New NHS App for A&E departments in East Kent
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Download the ‘WaitLess’ app now and get live waiting times in all A&Es and minor injury units across east Kent. Waitless combines patient waiting times with up-to-the-minute travel information, meaning you can get urgent treatment for minor injuries faster.
Common Childhood Illnesses
Young children are susceptible to all kinds of common ailments when they first start school. With immune systems which need to build up resistance and lots of 'new friends' sharing their bugs it can seem as if your child is permanently unwell.
Most children with a cough or cold are well enough to attend school but they may need a few days off if their illness starts with a high temperature. Please see the health advice below if you are unsure whether your child's illness means they should stay off school, or telephone the school office.
Further advice can be found at NHS Choices
Sickness and diarrhoea can also spread very quickly amongst young children. Good hygiene by way of hand washing is important. If your child has sickness and/or diarrhoea they should remain away from school for 48 hours following the end of their symptoms.
Head lice is also common place in schools, especially amongst the younger children who tend to have closer contact with each other. There is no need to keep your child off school if you find they have head lice. Treatment by combing the hair with conditioner and a head lice comb regularly should help to keep them away. See the leaflet below for further guidance.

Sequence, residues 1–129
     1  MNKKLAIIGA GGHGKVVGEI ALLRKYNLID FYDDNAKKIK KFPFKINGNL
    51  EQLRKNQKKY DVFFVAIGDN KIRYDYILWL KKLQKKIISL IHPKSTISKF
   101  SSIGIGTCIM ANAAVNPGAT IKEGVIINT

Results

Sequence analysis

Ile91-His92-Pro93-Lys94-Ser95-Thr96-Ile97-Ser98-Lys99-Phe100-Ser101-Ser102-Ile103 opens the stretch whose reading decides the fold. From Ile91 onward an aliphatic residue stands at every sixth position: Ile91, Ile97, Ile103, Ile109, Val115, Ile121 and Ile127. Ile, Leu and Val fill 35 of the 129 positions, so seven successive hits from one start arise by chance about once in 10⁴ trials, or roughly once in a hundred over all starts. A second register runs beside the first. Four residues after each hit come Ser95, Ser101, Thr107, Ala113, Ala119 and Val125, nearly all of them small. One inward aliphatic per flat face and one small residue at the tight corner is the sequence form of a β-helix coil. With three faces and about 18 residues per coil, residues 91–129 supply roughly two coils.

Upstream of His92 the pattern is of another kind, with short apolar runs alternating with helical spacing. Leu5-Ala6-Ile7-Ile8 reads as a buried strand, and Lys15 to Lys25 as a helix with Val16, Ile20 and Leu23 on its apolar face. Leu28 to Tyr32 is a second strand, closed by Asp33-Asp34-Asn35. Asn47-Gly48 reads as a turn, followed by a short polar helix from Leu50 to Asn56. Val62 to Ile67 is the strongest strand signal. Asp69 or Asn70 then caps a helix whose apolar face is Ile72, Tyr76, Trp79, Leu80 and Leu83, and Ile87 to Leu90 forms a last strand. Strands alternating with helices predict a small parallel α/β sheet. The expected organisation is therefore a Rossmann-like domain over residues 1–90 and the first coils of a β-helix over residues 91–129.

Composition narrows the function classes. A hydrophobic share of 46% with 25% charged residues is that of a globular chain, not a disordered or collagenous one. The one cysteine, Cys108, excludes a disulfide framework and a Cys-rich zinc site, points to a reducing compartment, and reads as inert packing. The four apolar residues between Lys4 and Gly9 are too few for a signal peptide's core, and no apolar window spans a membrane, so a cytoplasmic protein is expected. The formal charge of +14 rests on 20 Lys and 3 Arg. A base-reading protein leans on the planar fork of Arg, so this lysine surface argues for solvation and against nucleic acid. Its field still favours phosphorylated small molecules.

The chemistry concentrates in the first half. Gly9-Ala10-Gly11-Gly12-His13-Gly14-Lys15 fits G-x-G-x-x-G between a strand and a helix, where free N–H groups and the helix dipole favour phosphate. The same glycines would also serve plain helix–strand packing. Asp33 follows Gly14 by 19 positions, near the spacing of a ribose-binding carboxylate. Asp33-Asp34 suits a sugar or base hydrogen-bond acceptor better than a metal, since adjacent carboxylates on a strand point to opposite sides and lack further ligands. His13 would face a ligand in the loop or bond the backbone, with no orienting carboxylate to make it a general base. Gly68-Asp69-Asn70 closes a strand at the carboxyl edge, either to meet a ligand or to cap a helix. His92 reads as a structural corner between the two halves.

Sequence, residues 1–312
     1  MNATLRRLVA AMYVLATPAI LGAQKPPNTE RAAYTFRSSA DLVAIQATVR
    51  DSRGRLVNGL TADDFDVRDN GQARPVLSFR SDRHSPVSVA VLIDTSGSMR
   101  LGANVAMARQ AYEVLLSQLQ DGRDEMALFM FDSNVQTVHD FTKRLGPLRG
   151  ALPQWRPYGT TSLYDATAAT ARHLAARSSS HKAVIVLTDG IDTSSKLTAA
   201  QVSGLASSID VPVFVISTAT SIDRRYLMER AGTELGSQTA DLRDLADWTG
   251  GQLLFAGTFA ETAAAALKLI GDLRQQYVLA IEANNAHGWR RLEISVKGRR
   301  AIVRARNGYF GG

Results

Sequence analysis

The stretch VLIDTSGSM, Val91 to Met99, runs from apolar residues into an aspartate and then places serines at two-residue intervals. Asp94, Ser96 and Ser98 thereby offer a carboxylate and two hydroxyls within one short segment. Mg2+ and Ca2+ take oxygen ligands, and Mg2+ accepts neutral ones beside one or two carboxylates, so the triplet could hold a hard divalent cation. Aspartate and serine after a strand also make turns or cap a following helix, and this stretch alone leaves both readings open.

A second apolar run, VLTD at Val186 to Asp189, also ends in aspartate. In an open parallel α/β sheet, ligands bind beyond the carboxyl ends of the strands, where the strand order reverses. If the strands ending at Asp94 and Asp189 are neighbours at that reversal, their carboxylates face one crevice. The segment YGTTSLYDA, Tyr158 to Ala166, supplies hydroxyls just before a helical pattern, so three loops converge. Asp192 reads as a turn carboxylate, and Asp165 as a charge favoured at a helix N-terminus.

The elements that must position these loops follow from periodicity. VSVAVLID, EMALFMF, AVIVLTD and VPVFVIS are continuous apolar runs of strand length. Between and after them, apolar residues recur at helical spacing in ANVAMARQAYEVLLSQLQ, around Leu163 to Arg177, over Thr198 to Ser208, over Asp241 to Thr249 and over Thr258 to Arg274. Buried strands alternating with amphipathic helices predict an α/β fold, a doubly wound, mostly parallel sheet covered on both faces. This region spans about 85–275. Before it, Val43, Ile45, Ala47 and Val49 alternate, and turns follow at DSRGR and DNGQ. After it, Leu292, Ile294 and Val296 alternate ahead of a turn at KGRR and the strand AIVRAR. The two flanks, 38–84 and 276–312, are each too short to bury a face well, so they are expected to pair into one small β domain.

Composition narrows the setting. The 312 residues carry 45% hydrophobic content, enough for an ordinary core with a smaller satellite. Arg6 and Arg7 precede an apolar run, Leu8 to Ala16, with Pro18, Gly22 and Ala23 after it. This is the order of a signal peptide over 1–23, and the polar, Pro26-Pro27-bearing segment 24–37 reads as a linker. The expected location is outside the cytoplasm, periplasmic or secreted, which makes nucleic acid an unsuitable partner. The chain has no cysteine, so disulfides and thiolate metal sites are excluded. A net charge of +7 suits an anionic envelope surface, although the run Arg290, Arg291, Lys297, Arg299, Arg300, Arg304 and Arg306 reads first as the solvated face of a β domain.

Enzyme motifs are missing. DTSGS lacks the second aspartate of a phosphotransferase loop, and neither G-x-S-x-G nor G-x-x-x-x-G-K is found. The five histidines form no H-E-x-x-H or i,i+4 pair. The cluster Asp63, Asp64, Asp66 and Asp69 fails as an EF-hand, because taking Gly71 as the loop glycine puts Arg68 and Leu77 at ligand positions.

Chickenpox can be spread quickly. If your child develops spots which you think may be chickenpox please do get your child's GP to confirm this. Please let the school know and keep your child at home for 5 days from the first day the spots appeared. There is no need to wait until all the spots have dried up before your child can return to school. The virus will not be contagious after 5 days. The incubation period before the spots appear is 14-21 days.
Thread worms are common in childhood particularly in children under 10 years old. The worms are white and look like small pieces of thread. You may notice them around your child's bottom or in their poo. They don't always cause symptoms, but people often experience itchiness around their bottom. If someone in your house has thread worms then all members of the household should be treated. Please visit your pharmacy for further advice. There is no need to keep children off school if they have thread worms. Good hand hygiene is very important.
Scarlet Fever is also on the rise nationally. It is a fairly mild disease caused by the same virus as that which causes tonsillitis. It is characterised by a rash all over the body but not on the face. You must visit your GP if you suspect Scarlet fever as it is a reportable disease. Once your child has had antibiotics for one day and providing they are well, they can return to school.
Children's Flu Vaccine
In the autumn/winter the annual nasal spray flu vaccine will be available for children aged two, three and four years old plus children in school years Reception, one and two as part of the NHS childhood vaccination programme.
More information can be found on the NHS Choices website.
School Health Team
We work closely with the Kent School Health Team who provide a wide range of services aimed at supporting children and young people to have the best possible health and education outcomes.
Reception children are offered a health screening program which covers hearing and vision checks and height and weight checks. Parents can of course opt out of this being carried out in school.
More information about the School Health Team can be found here www.kentcht.nhs.uk/school-health